Ventura ready to face 2012 challenges head on
First-time skipper unsure of what roster will look like
DALLAS -- Robin Ventura's first managerial job got a little tougher on Tuesday, and the White Sox have yet to play a game.
With the trade of closer Sergio Santos to the Blue Jays for right-handed pitching prospect Nestor Molina, the organization's rebuilding process officially began. And to say the fan reaction was less than positive would be a kind judgment delivered for the White Sox.
In this baptism under fire, Ventura not only will have to run a team figuring to ship off a few more veteran contributors before Spring Training but also find some sort of life preserver to throw to a skeptical if not downright perturbed fan base.
But Ventura didn't utter a single complaint during his media session Tuesday afternoon at the Hilton Anatole. Instead, he was full of optimism. Ventura knew a rebuilding or retooling process was possible after last year's debacle behind a franchise-record $127 million payroll, and he wanted no promises made when taking on the South Side leadership responsibilities.
His job is to manage the White Sox team presented to him, a group he still feels confident about even with a few more personnel changes.
"We still have a good nucleus of guys, and I feel like they're going to have a better year this year than last year," Ventura said. "What that is, nobody knows. But I know they are coming in motivated and ready to go.
"Everybody would like to sign 10 new guys to high contracts and everything else, as a fan base, to be more excited. But that's just not the way it's going. We're going to have to win them over by the way we play and putting up wins."
During a 20-minute interview session, Ventura discussed a number of issues related to individual players, team philosophy and Tuesday's deal. Here's a look at some of those comments.
Who closes in Santos' absence?
Matt Thornton rightfully was given the closer's job out of Spring Training last year, but blew his first four opportunities. Last year is wiped off the slate, according to Ventura. Jesse Crain also could be in play for that ninth-inning role after putting up dominant numbers as the team's 2011 right-handed setup man.
Of course, both veterans potentially could be moved through the rebuilding movement. Rookie Addison Reed would then step up, although with just six games of experience, the third-round pick in the 2010 First-Year Player Draft could be a little young to take on the role. One thing Ventura doesn't want is a closer by committee.
"Right now, you're going to wait and see how the rest of this week goes and figure it out from there," said Ventura of the closer. "At this point, you're going in and getting it from within.
"So you're looking at some young kids that will be able to have a shot to do it and try and make it work. You feel like you have the talent there to do it and fill that slot."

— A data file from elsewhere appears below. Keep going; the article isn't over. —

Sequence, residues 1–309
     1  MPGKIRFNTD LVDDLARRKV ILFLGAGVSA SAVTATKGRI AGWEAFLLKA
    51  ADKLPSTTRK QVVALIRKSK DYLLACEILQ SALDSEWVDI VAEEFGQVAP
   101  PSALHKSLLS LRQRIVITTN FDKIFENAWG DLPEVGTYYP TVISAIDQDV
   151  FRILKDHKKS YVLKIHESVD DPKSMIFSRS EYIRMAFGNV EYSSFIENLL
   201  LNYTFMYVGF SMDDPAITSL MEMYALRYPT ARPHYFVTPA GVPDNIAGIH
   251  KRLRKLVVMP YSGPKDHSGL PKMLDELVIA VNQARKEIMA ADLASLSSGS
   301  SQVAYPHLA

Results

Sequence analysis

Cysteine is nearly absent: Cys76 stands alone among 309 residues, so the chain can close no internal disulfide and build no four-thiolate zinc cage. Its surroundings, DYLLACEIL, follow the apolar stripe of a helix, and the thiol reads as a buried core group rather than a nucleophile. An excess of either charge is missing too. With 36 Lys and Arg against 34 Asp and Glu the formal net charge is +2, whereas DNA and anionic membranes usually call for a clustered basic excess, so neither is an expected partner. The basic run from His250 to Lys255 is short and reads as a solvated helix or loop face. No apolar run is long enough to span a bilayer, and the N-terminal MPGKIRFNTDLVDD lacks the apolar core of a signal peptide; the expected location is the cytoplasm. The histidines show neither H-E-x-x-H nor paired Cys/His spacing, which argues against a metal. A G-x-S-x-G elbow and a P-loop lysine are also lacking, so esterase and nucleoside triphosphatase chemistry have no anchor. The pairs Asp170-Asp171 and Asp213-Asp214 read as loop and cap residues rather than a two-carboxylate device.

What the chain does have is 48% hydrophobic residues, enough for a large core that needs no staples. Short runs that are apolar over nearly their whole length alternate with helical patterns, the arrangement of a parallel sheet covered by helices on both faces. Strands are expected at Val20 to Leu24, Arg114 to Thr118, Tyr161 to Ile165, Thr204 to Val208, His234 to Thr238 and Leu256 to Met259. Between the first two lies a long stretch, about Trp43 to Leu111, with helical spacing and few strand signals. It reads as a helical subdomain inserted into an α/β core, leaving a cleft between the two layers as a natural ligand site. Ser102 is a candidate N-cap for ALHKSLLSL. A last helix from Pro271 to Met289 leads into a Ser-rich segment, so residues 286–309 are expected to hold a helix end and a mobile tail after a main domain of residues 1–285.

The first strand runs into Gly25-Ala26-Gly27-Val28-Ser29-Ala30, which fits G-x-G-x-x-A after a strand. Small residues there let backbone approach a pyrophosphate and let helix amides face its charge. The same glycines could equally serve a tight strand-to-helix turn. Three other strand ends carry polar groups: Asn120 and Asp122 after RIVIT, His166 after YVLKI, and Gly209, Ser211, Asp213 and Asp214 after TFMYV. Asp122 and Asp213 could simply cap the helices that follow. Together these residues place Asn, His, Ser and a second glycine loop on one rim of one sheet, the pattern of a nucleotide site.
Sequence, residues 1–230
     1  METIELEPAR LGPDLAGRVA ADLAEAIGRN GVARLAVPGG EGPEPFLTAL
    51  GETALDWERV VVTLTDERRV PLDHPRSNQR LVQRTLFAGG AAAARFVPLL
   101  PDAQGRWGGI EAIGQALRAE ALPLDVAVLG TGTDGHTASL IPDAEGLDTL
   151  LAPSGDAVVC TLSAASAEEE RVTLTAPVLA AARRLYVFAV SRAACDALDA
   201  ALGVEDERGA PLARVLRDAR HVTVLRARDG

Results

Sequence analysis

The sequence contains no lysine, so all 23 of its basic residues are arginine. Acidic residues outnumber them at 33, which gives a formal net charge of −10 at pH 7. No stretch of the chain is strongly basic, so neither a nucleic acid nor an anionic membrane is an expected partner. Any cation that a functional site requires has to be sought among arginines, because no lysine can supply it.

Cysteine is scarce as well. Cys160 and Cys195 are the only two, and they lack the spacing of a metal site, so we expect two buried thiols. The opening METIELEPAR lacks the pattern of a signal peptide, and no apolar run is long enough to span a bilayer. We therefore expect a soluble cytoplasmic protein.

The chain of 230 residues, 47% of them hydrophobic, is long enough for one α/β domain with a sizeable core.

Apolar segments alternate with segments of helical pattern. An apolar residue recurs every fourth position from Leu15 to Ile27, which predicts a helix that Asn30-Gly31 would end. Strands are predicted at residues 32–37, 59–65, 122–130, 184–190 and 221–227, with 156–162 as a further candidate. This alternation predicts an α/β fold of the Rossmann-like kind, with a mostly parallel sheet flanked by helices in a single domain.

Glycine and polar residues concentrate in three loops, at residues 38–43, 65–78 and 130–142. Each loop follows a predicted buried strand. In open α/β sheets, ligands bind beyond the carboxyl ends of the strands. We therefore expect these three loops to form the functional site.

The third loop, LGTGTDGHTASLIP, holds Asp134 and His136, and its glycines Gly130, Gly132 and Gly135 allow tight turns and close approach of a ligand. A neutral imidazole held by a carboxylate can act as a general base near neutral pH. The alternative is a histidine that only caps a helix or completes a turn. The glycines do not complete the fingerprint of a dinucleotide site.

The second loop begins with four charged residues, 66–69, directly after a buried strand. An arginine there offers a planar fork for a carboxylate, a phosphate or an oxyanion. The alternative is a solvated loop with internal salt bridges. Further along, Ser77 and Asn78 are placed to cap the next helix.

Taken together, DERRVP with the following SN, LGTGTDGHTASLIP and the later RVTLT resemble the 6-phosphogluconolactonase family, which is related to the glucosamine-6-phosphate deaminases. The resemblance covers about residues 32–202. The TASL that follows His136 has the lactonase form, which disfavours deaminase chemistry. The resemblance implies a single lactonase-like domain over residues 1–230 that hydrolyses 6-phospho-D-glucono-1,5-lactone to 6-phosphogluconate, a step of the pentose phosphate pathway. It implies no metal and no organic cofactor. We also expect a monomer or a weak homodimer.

Adam Dunn will play the field
Not only will Dunn play first base from time to time, but Ventura also sees a chance for the left-handed-hitting designated hitter to get innings in the outfield.
"I think, for him, playing in the National League for so long and the DH is a different ... it's a different position," Ventura said. "And it's a position.
"It's just not a 'throw a guy over there and it's going to be easy.' I think there's some guys that play better by being on the field and get a better feel of the game and maybe at-bats by just being on the field. If that's something that he would want to do, I would entertain that, I would promote it."
Ventura saw the change in Jason Giambi as part of the Yankees, with Giambi preferring to be part of the action from time to time.
Former infield mates could meet
There's no problem in Ventura's mind to chat at the Winter Meetings with Ozzie Guillen, his friend, former teammate and former manager of the White Sox now running the Miami Marlins. They just haven't run into each other.
"Yeah, I don't mind. I'll talk to him," said Ventura. "I haven't seen him. I thought I heard him when I was walking down here."
Cubs manager Dale Sveum and Ventura, who played together with the White Sox in 1992, exchanged pleasantries Tuesday as Ventura's interview session ended and Sveum's began.
Does he expect more trades?
As Ventura quipped, he knew who the White Sox closer would be Monday but not Tuesday. So anything is possible, although not a must-do before the Winter Meetings close Thursday morning.
"You're going to have to get the right people," Ventura said. "And it's not always that easy to get what you're looking for from the other side to be able to move them. It's a question mark, just like it was yesterday."
At the end of Monday's media chat, Ventura veered off the baseball topic to present a BCS Championship case for his beloved alma mater, Oklahoma St. Ventura was in attendance Saturday in Stillwater, Okla., when the Cowboys pummeled the rival Sooners.
He talked about how the system should be more about who you beat and not who you lose to, giving Oklahoma St. the right to play for a title. It's a little tougher for Ventura to make a White Sox championship case for 2012 with the direction they appear headed, but he's ready for the challenge.